The series revolves around Eva Kolarova (played by Zuzana Maurery) who gets send to jail for drunk driving – she crashed into another vehicle, whose passenger died and she almost killed her own son Filipom.

Her husband no longer wants anything to do with her and she only has her parents who stand by her. Now she must adjust to prison life, which is totally different than what she was used to, with its own set of rules.

In the women’s prison it is all about surviving, not losing face, about fear and deceit and more of that kind of stuff. It’s also the kind of place where Sapphic affairs tend to arise. At least, that’s what usually happens on TV shows set in prison and Odsúdené seems no exception.

Judging by the promo of tomorrow’s episode, it looks like the start of a lesBian relationship. Even if it is not, this still means one of the few – if not the first – lesbian kisses on Slovakian television.

Is this the kind of show you would be interested in watching?

New episodes of Odsúdené air in Slovakia on Tuesdays and Thursdays, and also in the Czech Republic on Mondays and Wednesdays. You can find out more on the series' website.

Unfortunately no subtitled episodes or summaries are available yet, but if these lesbian storylines continue I am sure it will just be a matter of time. We will keep you up to date.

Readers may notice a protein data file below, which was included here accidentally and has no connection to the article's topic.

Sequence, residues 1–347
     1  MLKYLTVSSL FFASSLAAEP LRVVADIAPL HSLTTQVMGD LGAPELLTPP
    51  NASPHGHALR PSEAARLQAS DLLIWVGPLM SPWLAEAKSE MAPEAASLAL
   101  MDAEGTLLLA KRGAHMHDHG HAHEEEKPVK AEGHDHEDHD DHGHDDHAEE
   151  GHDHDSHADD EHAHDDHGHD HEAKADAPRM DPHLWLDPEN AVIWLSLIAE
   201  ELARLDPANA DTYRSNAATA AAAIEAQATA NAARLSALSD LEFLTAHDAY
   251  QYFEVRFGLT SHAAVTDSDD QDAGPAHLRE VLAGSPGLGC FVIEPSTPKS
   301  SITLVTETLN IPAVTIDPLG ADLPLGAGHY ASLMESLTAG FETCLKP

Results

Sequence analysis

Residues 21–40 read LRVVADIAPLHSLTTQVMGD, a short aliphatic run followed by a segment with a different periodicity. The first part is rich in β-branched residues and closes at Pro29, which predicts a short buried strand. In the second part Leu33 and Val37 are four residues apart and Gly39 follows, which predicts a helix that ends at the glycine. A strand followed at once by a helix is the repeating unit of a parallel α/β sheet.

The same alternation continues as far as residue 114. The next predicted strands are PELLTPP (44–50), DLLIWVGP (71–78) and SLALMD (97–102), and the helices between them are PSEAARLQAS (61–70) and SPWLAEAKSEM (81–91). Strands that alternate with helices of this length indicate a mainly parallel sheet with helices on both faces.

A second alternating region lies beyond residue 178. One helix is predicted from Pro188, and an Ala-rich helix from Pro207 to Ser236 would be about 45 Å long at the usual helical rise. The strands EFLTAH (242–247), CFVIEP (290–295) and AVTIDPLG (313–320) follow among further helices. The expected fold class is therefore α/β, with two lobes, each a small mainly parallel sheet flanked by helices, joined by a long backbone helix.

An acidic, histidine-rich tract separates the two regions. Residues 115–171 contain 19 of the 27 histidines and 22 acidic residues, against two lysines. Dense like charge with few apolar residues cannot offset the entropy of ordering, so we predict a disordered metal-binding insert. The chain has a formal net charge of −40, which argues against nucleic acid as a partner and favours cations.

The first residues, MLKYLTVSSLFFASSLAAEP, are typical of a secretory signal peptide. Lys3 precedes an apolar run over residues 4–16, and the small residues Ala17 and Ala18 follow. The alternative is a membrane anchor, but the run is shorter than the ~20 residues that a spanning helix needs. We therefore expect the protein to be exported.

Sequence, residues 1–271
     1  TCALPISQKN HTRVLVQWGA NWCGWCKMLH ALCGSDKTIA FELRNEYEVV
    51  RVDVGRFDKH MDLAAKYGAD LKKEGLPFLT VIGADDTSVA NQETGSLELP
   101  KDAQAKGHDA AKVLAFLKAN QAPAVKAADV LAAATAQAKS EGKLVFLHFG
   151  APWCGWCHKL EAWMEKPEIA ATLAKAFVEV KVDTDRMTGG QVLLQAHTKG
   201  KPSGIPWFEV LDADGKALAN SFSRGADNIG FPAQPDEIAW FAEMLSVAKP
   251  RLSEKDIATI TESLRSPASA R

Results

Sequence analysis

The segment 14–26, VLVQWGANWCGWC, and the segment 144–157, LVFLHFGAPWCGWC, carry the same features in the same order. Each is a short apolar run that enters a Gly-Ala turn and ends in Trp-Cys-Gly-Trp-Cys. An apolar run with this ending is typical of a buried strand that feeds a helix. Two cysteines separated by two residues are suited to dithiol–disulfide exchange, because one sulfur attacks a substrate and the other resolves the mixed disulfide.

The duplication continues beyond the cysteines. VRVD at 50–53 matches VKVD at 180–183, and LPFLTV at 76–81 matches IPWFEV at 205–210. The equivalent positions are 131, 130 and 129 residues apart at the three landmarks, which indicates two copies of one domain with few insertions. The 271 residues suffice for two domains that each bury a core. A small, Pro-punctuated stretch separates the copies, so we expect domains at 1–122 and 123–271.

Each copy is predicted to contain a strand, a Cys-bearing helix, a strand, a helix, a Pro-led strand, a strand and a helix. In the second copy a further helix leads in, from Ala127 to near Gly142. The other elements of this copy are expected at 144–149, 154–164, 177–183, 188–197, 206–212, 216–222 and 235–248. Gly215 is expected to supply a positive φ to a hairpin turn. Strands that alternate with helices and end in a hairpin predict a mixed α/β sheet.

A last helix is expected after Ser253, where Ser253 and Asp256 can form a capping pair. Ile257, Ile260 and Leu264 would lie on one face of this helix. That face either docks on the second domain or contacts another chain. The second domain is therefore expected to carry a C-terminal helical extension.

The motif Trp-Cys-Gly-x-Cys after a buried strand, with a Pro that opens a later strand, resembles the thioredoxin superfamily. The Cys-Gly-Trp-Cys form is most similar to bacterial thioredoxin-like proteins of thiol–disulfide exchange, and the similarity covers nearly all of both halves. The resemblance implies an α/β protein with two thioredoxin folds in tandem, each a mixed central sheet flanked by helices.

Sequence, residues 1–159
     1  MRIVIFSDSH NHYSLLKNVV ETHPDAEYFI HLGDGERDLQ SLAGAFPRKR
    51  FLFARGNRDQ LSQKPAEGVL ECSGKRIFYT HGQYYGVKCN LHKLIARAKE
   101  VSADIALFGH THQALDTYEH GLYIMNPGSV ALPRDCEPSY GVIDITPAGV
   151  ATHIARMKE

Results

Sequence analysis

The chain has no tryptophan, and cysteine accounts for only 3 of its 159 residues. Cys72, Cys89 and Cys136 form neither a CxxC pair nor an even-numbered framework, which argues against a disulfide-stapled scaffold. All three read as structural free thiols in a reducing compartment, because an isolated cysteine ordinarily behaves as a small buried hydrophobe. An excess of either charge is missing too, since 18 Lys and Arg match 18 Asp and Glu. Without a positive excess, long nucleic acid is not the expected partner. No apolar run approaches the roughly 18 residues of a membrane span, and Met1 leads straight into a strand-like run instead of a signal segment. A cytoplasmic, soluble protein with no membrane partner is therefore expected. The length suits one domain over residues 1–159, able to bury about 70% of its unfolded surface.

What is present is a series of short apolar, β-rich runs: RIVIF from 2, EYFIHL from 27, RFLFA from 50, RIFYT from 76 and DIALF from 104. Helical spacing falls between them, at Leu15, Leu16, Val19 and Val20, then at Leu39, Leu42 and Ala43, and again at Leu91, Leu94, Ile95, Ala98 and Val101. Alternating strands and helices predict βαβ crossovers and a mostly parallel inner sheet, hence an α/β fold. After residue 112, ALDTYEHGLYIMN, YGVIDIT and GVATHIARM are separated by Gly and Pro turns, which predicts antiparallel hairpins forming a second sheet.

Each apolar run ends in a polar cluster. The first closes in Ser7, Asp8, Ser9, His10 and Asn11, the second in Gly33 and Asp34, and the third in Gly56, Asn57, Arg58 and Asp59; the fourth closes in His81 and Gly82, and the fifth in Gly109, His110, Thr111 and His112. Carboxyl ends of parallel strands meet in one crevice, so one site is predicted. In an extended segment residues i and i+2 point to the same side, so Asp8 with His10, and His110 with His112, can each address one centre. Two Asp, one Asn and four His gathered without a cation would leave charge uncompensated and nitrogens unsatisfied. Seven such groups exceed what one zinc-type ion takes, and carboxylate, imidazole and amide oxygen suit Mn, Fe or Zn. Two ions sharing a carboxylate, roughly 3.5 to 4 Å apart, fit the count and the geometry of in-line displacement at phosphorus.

This article was first published on eurOut.

Thursday, September 3, 2009

YouTube Thursday: Some of my favourite eighties songs

Once again I thought I’d share with you some of the eighties songs that I really like. Some I have enjoyed ever since I was a little Natazzz, others are more recent loves.

The Human League – Love action

Cutting Crew – (I just) Died in your arms tonight

The Cure –Love Song

Duran Duran –Wild boys

Wednesday, September 2, 2009

British documentary Out At Lunch shows the lives of a group of lesbians at Cambridge

Whoever says that there’s not enough lesBian content, let alone European content, obviously doesn’t spend a lot of time on the internet. Because if you did, you would know there is tons of queer stuff out there.

Even more than lesBian content, there are eager artists and film makers waiting to show their projects to the world. The one thing that is usually lacking is not so much the willingness or the great ideas, but the lack of money to make it happen.


This is also the case with British documentary Out At Lunch, which follows a group of gay girls during their last days at Cambridge University. They have decided to have one final big lunch together to which they have invited all of their parents. Such an awesome idea, but also a very nerve wrecking and confrontational experience.

In Out At Lunch you can see the group of friends prepare for their family lunch event, all the while discussing topics such as being gay, coming out, friendship, parent-child relationships and the value of being true to yourself.

The documentary is currently in post-production and Life Slice Films, created by director Alisa Arnah and producer Emma Brogen, is still looking for donations to have enough money to finish the project and to make it available for the world to see. Luckily, they have already created a trailer, which shows you exactly what you can expect from this film.